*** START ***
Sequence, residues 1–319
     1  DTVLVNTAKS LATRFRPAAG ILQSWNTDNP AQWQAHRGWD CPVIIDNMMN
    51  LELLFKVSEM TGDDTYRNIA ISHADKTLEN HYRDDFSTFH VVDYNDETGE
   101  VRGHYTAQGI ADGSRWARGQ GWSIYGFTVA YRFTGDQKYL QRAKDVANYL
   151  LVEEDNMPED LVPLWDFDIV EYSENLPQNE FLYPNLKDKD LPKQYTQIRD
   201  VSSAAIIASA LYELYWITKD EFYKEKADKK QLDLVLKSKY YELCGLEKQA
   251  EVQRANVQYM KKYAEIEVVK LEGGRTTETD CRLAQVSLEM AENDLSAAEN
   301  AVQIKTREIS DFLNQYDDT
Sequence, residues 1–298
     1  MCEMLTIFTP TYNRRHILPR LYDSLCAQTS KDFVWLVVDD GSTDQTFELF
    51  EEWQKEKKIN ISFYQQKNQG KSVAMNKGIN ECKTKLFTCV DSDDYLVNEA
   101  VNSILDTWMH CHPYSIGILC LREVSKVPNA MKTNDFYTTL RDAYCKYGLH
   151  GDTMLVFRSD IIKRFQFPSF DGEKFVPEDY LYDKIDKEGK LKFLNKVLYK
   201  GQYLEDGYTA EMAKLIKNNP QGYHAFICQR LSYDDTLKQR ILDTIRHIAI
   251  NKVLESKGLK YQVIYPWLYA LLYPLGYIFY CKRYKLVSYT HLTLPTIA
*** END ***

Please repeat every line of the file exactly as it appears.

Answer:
Sequence, residues 1–319
     1  DTVLVNTAKS LATRFRPAAG ILQSWNTDNP AQWQAHRGWD CPVIIDNMMN
    51  LELLFKVSEM TGDDTYRNIA ISHADKTLEN HYRDDFSTFH VVDYNDETGE
   101  VRGHYTAQGI ADGSRWARGQ GWSIYGFTVA YRFTGDQKYL QRAKDVANYL
   151  LVEEDNMPED LVPLWDFDIV EYSENLPQNE FLYPNLKDKD LPKQYTQIRD
   201  VSSAAIIASA LYELYWITKD EFYKEKADKK QLDLVLKSKY YELCGLEKQA
   251  EVQRANVQYM KKYAEIEVVK LEGGRTTETD CRLAQVSLEM AENDLSAAEN
   301  AVQIKTREIS DFLNQYDDT
Sequence, residues 1–298
     1  MCEMLTIFTP TYNRRHILPR LYDSLCAQTS KDFVWLVVDD GSTDQTFELF
    51  EEWQKEKKIN ISFYQQKNQG KSVAMNKGIN ECKTKLFTCV DSDDYLVNEA
   101  VNSILDTWMH CHPYSIGILC LREVSKVPNA MKTNDFYTTL RDAYCKYGLH
   151  GDTMLVFRSD IIKRFQFPSF DGEKFVPEDY LYDKIDKEGK LKFLNKVLYK
   201  GQYLEDGYTA EMAKLIKNNP QGYHAFICQR LSYDDTLKQR ILDTIRHIAI
   251  NKVLESKGLK YQVIYPWLYA LLYPLGYIFY CKRYKLVSYT HLTLPTIA